On June 15, 2016 the Norsk Parliament approved  recommendations of the Energy and Environment Committee to begin construction of a national network of hydrogen stations,starting next year and has set a goal of 50,000 hydrogen cars by 2025. This will translate intoat least a hundred stations nationwide. Parliament asks the government of a new agreement and a mandate for Enova, Norway’s energy  agency ensure support for the establishment of a network of hydrogen fueling stations in the largest cities and corridors between, and ensure that the first stations established in 2017. Through the approval of the proposed National Transport Plan (NTP)  for 2018-2029 targets will be set for the number of low- and zero-emission vehicles, including cars, vans, buses and heavy vehicles in 2025 following the adopted climate goals and the technological potential of NTP specialist agencies.

Government parties Right, the Progress Party and cooperation parties Left and Christian Democrats have agreed to begin construction of a national network of hydrogen stations from next year,  according to Ola Elvestuen (photo) (V), Oyvind korsberg (FRP), Hans Fredrik Grøvan (Christian Democrats) and Nikolai Astrup (H) Dagsavisen ahead of the discsssions of the Energy Report.

Futhermore Parliament asked the Government to consider the use of development contracts for hydrogen ferries (estimated by the Public Roads Administration to begin service around 2020), as well as, through the NTP 2018-2029, consider the possibility of adopting hydrogen on  railway lines that are not currently electrified.

The Norwegian Hydrogen Forum in a statement thanked all members, public and private backers “for their contribution and  extensive input to the authorities to ensure an effective action plan for the transport sector through the Energy Report”, says Kristian E. Vik, secretary general of the Norwegian Hydrogen Forum. Read more in the news item in the newspaper Dagbladet:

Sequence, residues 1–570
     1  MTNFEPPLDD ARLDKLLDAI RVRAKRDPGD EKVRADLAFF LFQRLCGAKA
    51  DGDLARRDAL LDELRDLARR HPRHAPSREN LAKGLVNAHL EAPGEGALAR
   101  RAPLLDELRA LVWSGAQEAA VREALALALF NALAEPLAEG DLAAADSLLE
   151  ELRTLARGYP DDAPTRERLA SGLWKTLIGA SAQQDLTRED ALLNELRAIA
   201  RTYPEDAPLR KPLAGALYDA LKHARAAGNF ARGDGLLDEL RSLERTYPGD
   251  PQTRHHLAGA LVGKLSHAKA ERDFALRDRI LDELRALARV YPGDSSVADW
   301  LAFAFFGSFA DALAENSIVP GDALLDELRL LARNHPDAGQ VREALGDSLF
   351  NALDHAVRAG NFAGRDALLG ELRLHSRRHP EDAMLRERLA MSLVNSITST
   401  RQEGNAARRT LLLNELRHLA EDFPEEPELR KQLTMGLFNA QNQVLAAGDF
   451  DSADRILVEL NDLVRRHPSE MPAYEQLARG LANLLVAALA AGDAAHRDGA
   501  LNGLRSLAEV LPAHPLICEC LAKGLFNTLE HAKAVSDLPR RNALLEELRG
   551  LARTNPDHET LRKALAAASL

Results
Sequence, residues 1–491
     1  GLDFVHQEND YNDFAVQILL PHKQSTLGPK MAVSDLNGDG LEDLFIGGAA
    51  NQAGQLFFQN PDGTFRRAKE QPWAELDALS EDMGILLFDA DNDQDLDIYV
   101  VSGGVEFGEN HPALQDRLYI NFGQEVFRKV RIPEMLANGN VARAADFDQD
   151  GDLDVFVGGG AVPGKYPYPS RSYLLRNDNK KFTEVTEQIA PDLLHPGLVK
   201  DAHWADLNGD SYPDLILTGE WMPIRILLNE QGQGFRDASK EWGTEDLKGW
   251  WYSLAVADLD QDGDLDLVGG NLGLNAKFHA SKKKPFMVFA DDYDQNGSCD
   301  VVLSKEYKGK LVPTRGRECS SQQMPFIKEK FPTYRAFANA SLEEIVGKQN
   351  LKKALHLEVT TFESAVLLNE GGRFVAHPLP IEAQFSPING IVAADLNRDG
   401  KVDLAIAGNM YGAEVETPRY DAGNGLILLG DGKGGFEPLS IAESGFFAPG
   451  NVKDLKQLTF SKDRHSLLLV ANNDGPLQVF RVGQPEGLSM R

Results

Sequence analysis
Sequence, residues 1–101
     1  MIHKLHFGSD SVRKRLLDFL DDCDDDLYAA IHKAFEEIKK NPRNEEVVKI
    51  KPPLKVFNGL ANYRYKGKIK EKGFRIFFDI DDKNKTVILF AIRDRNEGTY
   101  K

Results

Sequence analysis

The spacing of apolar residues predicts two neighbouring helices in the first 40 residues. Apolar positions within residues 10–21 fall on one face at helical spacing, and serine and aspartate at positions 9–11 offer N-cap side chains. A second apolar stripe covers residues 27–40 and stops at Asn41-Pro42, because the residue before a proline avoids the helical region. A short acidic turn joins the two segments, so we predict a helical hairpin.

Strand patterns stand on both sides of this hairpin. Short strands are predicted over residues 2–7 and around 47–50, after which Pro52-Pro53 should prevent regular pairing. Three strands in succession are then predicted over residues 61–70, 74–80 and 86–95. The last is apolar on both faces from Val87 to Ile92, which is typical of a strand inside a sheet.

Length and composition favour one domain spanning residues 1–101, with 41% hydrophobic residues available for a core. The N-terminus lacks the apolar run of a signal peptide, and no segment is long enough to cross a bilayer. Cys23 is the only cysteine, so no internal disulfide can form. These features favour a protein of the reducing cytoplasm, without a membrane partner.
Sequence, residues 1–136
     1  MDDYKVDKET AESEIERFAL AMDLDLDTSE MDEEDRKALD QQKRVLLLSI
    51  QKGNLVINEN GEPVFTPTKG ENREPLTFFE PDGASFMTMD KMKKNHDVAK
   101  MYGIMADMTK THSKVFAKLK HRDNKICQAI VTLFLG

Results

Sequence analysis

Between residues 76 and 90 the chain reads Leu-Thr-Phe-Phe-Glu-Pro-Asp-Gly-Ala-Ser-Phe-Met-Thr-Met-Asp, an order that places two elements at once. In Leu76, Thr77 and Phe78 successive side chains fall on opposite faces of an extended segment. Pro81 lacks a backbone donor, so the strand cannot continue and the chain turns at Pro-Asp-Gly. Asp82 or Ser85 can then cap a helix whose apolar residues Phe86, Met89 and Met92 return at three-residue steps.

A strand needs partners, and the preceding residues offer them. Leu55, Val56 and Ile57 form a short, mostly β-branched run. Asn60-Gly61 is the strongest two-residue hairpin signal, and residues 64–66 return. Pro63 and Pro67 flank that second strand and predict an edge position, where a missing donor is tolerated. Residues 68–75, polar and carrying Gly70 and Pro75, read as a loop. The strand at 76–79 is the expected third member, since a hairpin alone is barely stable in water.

Will build hydrogen stations for 800 million.

The Norwegian parliament voted also to anticipate climate neutrality to 2030 instead of 2050. Since Norway’s emissions are set to grow for another few years due to the oil and gas sector, climate neutrality could be achieved mainly through international measures that could be counted towards the net goal. However Norway’s Climate Minister Vidar Helgesen expressed his concern that the measures lawmakers are pointing to “might not be available.” All parties except his Conservatives and the governing Progress Party, voted in favor of the proposal. “The government will follow up the parliament’s decision on climate neutrality, but we need to work out some details on how it may be realistically implemented,” Helgesen told us in a statement.

The Norwegian activities were well represented in their stand at tthe WHEC 2016 including NEL, IFE, ZEG Power and the Norsk Hydrogen Forum

(Photo: Oslo hydrogen station)